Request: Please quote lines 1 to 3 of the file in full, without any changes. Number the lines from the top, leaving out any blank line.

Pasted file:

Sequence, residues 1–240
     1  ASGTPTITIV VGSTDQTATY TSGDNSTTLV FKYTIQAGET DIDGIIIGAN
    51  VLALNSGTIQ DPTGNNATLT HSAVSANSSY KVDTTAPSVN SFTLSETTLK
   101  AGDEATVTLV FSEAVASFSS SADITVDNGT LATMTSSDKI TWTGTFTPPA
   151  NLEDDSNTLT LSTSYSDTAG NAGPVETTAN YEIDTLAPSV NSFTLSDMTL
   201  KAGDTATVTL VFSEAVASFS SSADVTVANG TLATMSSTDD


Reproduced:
Sequence, residues 1–240
     1  ASGTPTITIV VGSTDQTATY TSGDNSTTLV FKYTIQAGET DIDGIIIGAN
    51  VLALNSGTIQ DPTGNNATLT HSAVSANSSY KVDTTAPSVN SFTLSETTLK